Wyclef's Haitian accent kicks in on the first verse and my mind goes back to the long path of my relationship with my wife, the six years of courtship, and the moments of doubt. So often I wanted to simply walk away from what we had, my mind seeking some greater freedom to find its own path, and whenever I thought of this, a guilt would cross my soul and an internal struggle would begin, and just when I thought I would walk away for a while, she'd come walking along, her hazel eyes shining with a brilliance I had thought impossible, and I'd decide that whatever plans I had could wait as our fingers locked together.

The repetitions of gone till November that fill the chorus remind me of that moment at her parents' house the day after our wedding, when we disembarked on our honeymoon, and the two of us looked around, realizing nothing about our homes would ever really be the same. Our homes, the ones we had grown up in, the places that had been our foundation, were now gone; it was up to us to find our own homes. As we backed down the driveway, she took my hand, and I knew that we wouldn't be back for a while, that we might in fact be gone till November.

I’ll be gone ’til November, I’ll be gone ’til November
Yo, tell my girl, yo, I’ll be gone ’til November
January, February, March, April, May
I see you cryin’, but girl, I can’t stay
I’ll be gone ’til November, I’ll be gone ’til November
And give a kiss to my mother

Franklin D. Roosevelt was president of the United States during the Great Depression and World War II. Few people at the time realized that he suffered from a dehabilitating case of polio which left him unable to walk. Yet through great personal willpower and strength, he was able to use metal leg braces to create the appearance of standing and walking, so that others would see a strong man able to lead the United States in these great times of trial. On the surface, it seems such a simple thing; no one doubted the leadership or forcefulness of Roosevelt and likely only a small minority would have cared if he had revealed his ailment during his White House years, but he kept up this appearance of physical strength anyway, simply because the appearance of strength on all fronts from his position of leadership was utterly vital when so many people needed a shoulder to lean on.

Yet for many weeks each year, President Roosevelt left behind the White House and stayed at a farm in Warm Springs, Georgia. He had been going to Warm Springs for many years before becoming President, in fact living there for several years in the 1920s. He loved the place dearly, for it was the only place in the world he felt completely comfortable and able to put aside the facade of strength that he constantly showed to the rest of the world. Warm Springs was a farm in rural Georgia that promised to heal those afflicted with polio, and although the "miracle" cure was never able to bring Roosevelt back to full wellness, the ability to be there with other survivors and simply rest in those warm spring waters was enough for him.

When he knew a vacation to Warm Springs was coming, his colleagues would see a great brightening in the man. He tackled every issue with great ardor and there was a spring in his motions that had been hidden behind months of worry. And on those afternoons when he would take off for Georgia, leaving behind Eleanor and Washington and all of those worries, I can't help but imagine him leaning back in his seat, a smile on his face, and looking out the dewy window knowing that he would be gone till November.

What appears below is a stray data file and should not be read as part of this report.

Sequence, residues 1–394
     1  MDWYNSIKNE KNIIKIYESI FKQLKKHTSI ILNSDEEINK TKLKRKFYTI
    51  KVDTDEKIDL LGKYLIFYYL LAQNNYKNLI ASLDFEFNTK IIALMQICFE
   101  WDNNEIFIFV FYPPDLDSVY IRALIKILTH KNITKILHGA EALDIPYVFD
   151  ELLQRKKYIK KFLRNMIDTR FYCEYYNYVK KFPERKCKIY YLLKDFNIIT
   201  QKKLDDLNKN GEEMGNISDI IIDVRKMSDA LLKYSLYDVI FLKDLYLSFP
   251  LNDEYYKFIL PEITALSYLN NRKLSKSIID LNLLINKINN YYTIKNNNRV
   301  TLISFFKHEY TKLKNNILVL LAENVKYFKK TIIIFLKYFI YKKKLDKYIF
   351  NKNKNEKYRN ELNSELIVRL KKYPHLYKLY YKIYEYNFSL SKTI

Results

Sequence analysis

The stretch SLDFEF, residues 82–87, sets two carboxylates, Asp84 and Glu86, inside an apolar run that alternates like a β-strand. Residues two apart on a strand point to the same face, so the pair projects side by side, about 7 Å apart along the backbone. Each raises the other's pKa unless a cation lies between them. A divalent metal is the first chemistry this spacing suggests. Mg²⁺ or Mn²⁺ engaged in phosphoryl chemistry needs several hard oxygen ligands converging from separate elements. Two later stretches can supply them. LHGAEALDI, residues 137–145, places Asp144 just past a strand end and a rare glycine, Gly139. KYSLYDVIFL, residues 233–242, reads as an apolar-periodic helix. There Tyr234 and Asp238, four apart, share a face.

Every time I make a run, girl, you turn around and cry
I ask myself why, oh why
See, you must understand, I can’t work a 9 to 5
So I’ll be gone ’til November
Said I’ll be gone ’til November, I’ll be gone ’til November
Yo, tell my girl, yo, I’ll be gone ’til November

My wife is pregnant with our first child, a situation that simultaneously thrills me and frightens me to my core. I remember her standing in the hallway exiting the living room, looking down at her home pregnancy test, and then looking up at me and announcing the news. I hugged her and held her close, but after she went to sleep on that cool March evening, I went for a walk through this small Iowa town that I live in and out among the empty cornfields on the other side, seeing my breath in the starlight, almost in disbelief that so much could change with a small plus sign.

I have a framed photograph from his ultrasound that sits on my desk. Up until that ultrasound, the child was an abstract concept in my mind, a minor tumescence in my wife's belly. But when the nurse placed the pads upon my wife's stomach and I stared into the monitor and saw my son move about for the first time, shifting his body around to avoid the intrusion of the strange probe into his watery world, it shook me to my core once again. He is alive, I thought, a little child. My little child.

I look at that photograph time and time again as the days turn from summer to fall, and I look at that calendar on my desk that has the date November 4, 2005 circled in red, reminding me of the day when he'll come into the world and I can hold this child in my arms. Until then, I'll look at this picture and think of the future, and put my hand on my wife's stomach to feel his kicking, his way of telling me that he'll be gone till November.

I’ll be gone ’til November, I’ll be gone ’til November
Yo, tell my girl, yo, I’ll be gone ’til November
January, February, March, April, May
I see you cryin’, but girl, I can’t stay
I’ll be gone ’til November, I’ll be gone ’til November
And give a kiss to my mother